Fast forward 10 years later.  Living in California working in marketing, Sabrina is at a convention in New York where one of the speakers is Weston.  Imagine her surprise when he remembers her.  Things happen quickly and they hook up.  Imagine an even bigger surprise when Donovan is also there!  Weston convinces Sabrina to move to New York and take a job at their company.  Sabrina finally agrees.  Sabrina knows that she should be with Weston....he is safe and reliable, but unfortunately, it is Donovan that draws her in.

As Sabrina spends more time with Donovan, she realizes that he is really the person she wants.  Of course, life has a funny way of ruining everything.  When Sabrina finds out a huge secret that Donovan is keeping from her, all hell breaks loose.  This story ends on a cliffhanger.....a BIG cliffhanger!

Damn....when I started this book, I was not ready for the crazy ride that Laurelin Paige will take you on.  I could not put this book down.  It was filled with such great twists and turns.  I just had to start the next book right away.

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review 2018-02-24 07:19
How to Get Rich in Rising Asia
How to Get Filthy Rich in Rising Asia: A Novel - Mohsin Hamid

Let's acknowledge right up front that this book is based on a gimmick, a slick writer's gimmick, and that to pull it off it's going to take a bit of work and luck and not a small amount of talent, and even then, it's risky.


When I read the opening sentence, "Look, unless you're writing one, a self-help book is an oxymoron." and onto chapter two, where the author of the self-help book asks if all books aren't really "self-help" books:"It's remarkable how many books fall into the category of self-help. Why, for example, do you persist in reading that much-praised, breathtakingly boring, foreign novel, slogging through page after page after please-make-it-stop page of tar-slow prose and blush-inducing formal conceit, if not out of an impulse to understand distant lands that because of globalization are increasingly affecting life in your own?" He goes on to discuss the self-help aspects of pulp novels and winkingly says they're also a form of self-help, and by George, he's right! Of course all books are self-help books. We read to help ourselves in some way, whether it's to please ourselves, educate or challenge ourselves, or actually learn how to help ourselves. Strangely, I still wasn't sure if I was reading satire or a sweeping novel. I decided it's because I was, at least in part, reading both.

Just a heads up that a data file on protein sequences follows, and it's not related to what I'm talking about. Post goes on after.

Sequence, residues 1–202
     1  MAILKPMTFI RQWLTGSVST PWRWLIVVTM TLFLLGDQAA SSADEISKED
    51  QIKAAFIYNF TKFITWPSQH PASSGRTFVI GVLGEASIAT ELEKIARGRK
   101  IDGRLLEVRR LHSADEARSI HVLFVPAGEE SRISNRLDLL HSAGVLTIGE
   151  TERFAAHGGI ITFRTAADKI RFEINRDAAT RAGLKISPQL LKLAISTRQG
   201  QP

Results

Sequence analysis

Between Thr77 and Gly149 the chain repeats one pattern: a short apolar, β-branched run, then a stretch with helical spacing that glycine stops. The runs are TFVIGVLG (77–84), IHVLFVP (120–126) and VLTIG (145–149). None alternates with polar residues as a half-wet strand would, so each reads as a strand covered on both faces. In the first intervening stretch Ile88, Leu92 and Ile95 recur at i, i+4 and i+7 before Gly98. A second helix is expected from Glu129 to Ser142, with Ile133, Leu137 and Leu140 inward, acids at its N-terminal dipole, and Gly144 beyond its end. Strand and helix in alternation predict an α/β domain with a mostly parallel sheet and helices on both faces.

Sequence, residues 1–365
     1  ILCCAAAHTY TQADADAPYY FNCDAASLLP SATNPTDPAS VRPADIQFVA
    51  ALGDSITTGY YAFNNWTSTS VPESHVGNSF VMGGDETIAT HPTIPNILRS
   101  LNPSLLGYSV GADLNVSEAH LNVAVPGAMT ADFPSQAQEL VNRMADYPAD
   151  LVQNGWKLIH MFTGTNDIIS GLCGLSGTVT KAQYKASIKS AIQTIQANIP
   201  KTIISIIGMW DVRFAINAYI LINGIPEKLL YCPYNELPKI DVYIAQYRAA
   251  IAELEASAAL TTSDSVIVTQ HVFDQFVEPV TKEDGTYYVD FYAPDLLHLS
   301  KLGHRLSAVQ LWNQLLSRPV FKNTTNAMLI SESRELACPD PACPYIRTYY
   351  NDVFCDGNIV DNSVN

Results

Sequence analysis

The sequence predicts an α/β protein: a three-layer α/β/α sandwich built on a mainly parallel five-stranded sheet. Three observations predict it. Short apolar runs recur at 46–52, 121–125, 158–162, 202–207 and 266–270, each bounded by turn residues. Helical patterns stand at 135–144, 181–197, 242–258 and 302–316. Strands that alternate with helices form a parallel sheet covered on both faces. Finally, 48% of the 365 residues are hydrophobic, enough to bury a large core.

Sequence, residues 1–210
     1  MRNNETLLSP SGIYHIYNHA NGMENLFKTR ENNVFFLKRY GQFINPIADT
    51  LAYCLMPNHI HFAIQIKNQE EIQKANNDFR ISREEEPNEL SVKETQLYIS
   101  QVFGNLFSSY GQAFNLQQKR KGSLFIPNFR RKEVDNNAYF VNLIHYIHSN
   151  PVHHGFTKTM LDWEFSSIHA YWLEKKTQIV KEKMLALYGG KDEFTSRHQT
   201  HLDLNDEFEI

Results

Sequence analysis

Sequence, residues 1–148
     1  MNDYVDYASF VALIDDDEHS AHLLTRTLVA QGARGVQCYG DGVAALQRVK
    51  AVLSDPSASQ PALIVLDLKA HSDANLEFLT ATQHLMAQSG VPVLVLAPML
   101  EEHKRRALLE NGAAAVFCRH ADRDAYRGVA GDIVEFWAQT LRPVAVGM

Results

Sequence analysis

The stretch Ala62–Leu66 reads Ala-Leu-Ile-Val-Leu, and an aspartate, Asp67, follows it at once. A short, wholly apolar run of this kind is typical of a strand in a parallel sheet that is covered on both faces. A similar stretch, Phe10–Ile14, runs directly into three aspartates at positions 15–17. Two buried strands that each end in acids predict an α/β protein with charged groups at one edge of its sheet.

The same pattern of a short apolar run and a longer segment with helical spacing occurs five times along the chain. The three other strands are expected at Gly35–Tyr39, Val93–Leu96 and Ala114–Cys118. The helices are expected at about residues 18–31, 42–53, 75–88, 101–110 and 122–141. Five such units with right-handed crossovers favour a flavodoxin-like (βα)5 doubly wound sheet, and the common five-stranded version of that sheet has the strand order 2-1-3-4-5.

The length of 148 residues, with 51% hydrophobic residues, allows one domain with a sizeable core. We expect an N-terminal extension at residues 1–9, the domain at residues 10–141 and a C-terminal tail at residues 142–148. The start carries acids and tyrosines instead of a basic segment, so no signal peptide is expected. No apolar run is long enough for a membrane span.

To be clear, this is never an actual self-help book. Mohsin Hamid has taken the steps to "get rich in rising Asia" as a way to tell a sweeping narrative about a man who starts in rural poverty and works himself through various stages to great wealth in the City. An achingly beautiful love story, a rags-to-riches nameless hero's story, the story of a man who is simplistic about wealth equaling happiness to start who goes through ups and downs, like people do over a life, learning about love and other things in the process. It sounds so basic, and yet because we have this "self-help" writer to comment on and tell a story inside of a self-help book, it's not at all. And of course, toward the end, the self-help writer admits this was not the most helpful book for getting rich in rising Asia. It made me laugh aloud several times, which isn't something one often finds in a tale like the one found in the self-help book's pages.


Nothing is ever named, but we can easily feel moved to the place in the novel with tons of sights, smells, touches thrown in, every food tasted is described richly. Equally rich with a grin are some less satisfying sensory experiences. Because we go through the "steps" of getting rich, we feel the poverty and then the isolation of being on the lowest rung in the big city. The socioeconomic landscape is as richly woven as the natural one. Upward mobility and globalization are not glossed over, but they aren't judged either. They are just portrayed as they are, while we follow the "you" of the novel - the main character - through his pursuit of getting filthy rich in rising Asia.


There are absolutely gorgeous turns of phrase and light-touch moments of beautiful writing between the purposefully clunky "self-help" sections. The difference is stark, and I loved the way one bled easily into the other, then when the next chapter started, boom, back to the hard language of self-help.


If you could see my copy, you would note that as I read, more and more highlighting was done, more pages are turned down in an effort to be able to find important or lovely passages again. I ruined this poor paperback in one read, but I would have it no other way. I was in tears toward the end of this novel, and that's way more than any self-help book could've ever promised me. So for me, the risky gimmick absolutely paid off in a reward I will treasure and return to again and again.